Heyhoe J, Birks Y, Harrison R, O’Hara JK, Cracknell A, Lawton R. The role of emotion in patient safety: Are we brave enough to scratch beneath the surface? J Royal Soc Med 2016;109:52 8.

Blackburn LM, Thompson K, Frankenfield R, Harding A, Lindsey A. The THRIVE© program: Building oncology nurse resilience through self care strategies. Oncol Nurs Forum 2020;1:47:E25 34.

Salyers MP, Bonfils KA, Luther L, Firmin RL, White DA, Adams EL, et al. The relationship between professional burnout and quality and safety in healthcare: A meta analysis. J Gen Intern Med 2017;32:475 82.

Alimohammadi N, Taleghani F, Mohammadi E, Akbarian R. Nursing in Islamic thought: Reflection on application nursing metaparadigm concept: A philosophical inquiry. Iran J Nurs Midwifery Res 2013;18:272 9.

Mojarad FA. Jouybari L. Sanagoo A. Rocky road ahead of nursing presence in the oncology care unit: A qualitative study. Open Access Maced J Med Sci 2018;6:2221 7.

Phillips CS, Volker DL. Riding the roller coaster: A qualitative study of oncology nurses’ emotional experience in caring for patients and their families. Cancer Nurs 2020;43:283 90.

Zamanzadeh V, Jasemi M, Valizadeh L, Keogh B, Taleghani F. Effective factors in providing holistic care: A qualitative study. Indian Palliat Care 2015;21:214 24.

Wentzel D, Brysiewicz P. Integrative review of facility interventions to manage compassion fatigue in oncology nurses. Oncol Nurs Forum 2017;44:124 40.

Permarupan PY, Al Mamun A, Samy NK, Saufi RA, Hayat N. Predicting nurses burnout through quality of work life and psychological empowerment: A study towards sustainable healthcare services in Malaysia. Sustainability 2020;12:388. doi: 10.3390/su12010388.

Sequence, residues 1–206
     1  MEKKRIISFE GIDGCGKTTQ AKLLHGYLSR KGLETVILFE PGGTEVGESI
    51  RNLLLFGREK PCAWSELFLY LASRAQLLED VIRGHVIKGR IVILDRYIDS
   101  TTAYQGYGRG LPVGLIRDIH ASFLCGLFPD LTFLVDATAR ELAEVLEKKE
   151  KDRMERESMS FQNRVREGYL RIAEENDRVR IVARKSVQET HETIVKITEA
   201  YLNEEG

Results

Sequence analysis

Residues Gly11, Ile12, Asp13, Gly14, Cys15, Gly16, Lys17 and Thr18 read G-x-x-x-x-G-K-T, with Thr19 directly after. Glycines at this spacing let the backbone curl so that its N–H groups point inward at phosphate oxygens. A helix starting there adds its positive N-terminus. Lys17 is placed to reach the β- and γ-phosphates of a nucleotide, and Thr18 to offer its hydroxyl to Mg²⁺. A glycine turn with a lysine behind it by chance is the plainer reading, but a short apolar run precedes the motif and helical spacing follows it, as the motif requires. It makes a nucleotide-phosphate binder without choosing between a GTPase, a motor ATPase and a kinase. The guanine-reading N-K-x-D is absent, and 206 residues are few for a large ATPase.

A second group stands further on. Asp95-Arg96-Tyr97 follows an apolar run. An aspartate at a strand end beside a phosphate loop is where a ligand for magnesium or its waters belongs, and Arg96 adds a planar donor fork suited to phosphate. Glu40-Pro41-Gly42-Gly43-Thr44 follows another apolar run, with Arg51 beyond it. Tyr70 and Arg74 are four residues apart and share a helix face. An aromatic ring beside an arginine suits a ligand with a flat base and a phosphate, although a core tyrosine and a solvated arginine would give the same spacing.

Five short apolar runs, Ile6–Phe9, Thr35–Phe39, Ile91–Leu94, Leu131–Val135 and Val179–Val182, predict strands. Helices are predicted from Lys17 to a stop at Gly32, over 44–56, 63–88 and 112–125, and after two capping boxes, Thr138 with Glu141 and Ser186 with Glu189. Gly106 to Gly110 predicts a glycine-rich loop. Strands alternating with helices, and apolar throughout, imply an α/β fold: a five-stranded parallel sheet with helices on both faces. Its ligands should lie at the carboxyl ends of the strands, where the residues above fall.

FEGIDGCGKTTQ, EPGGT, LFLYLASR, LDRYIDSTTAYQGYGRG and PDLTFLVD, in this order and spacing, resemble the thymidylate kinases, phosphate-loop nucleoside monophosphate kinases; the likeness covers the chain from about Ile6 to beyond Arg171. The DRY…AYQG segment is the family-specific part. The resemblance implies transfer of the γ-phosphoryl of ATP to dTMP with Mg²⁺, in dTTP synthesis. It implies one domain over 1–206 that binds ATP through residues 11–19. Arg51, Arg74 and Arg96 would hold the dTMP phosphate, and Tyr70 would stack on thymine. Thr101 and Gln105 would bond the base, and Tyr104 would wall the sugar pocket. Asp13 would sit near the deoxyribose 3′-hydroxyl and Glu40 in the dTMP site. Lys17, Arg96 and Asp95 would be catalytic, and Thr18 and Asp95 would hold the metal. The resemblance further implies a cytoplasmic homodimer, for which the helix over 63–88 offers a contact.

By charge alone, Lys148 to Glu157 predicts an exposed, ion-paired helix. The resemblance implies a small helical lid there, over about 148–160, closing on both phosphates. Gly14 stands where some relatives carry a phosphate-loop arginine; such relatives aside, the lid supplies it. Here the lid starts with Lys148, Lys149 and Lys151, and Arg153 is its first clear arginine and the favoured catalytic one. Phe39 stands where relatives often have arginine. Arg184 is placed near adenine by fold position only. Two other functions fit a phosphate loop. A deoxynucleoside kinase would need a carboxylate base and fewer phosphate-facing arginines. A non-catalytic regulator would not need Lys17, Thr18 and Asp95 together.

Hsieh HF, Shannon SE. Three approaches to qualitative content analysis. Qual Health Res 2005;15:1277 88.

Graneheim UH, Lundman B. Qualitative content analysis in nursing research: Concepts, procedures and measures to achieve trustworthiness. Nurse Educ Today 2004;24:105 12.

Lincoln, YS. Guba, EG. But is it rigorous? Trustworthiness and authenticity in naturalistic evaluation. N Dir Eval 1986;30:73 84.

Funes MM, Moraes MW, Cunha ML, Almeida FA. Caring for cancer patients facing death: Nurse’s perception and experience. Rev Bras Enferm 2020;73:e20190686. doi: 10.1590/0034 7167 2019 0686.

Pugh SD, Groth M, Hennig Thurau T. Willing and able to fake emotions: A closer examination of the link between emotional dissonance and employee well being. J Appl Psychol 2011;96:377 90.

Lovatt M, Nanton V, Roberts J, Ingleton C, Noble B, Pitt E, et al. The provision of emotional labour by health care assistants caring for dying cancer patients in the community: A qualitative study into the experiences of health care assistants and bereaved family carers. Int J Nurs Stud 2015;52:271 9.

Drach Zahavy A, Yagil D, Cohen I. Social model of emotional labour and client satisfaction: Exploring inter and intrapersonal characteristics of the client − provider encounter. Work Stress 2017;31:182 208.

Ko W, Kiser Larson N. Stress levels of nurses in oncology outpatient units. Clin J Oncol Nurs 2016;20:158 64.

Shi H, Shan B, Zheng J, Zhang Y, Zhang J, Hu X. Grief as a mediator of the relationship between empathy and compassion fatigue. Psychooncology 2022. doi: 10.1002/pon. 5875.

Kozlowski D, Hutchinson M, Hurley J, Rowley J, Sutherland J. The role of emotion in clinical decision making: An integrative literature review. BMC Med Educ 2017;17:255.

Fabi A, Pugliese P, Falbo PT, Corsi D, Fabbri MA, Vincenzi B, et al. The experience of oncology healthcare providers in the central Italy during the covid 19 lockdown. Cancers 2020;12:1 9. doi: 10.3390/cancers12103031.


  • There are currently no refbacks.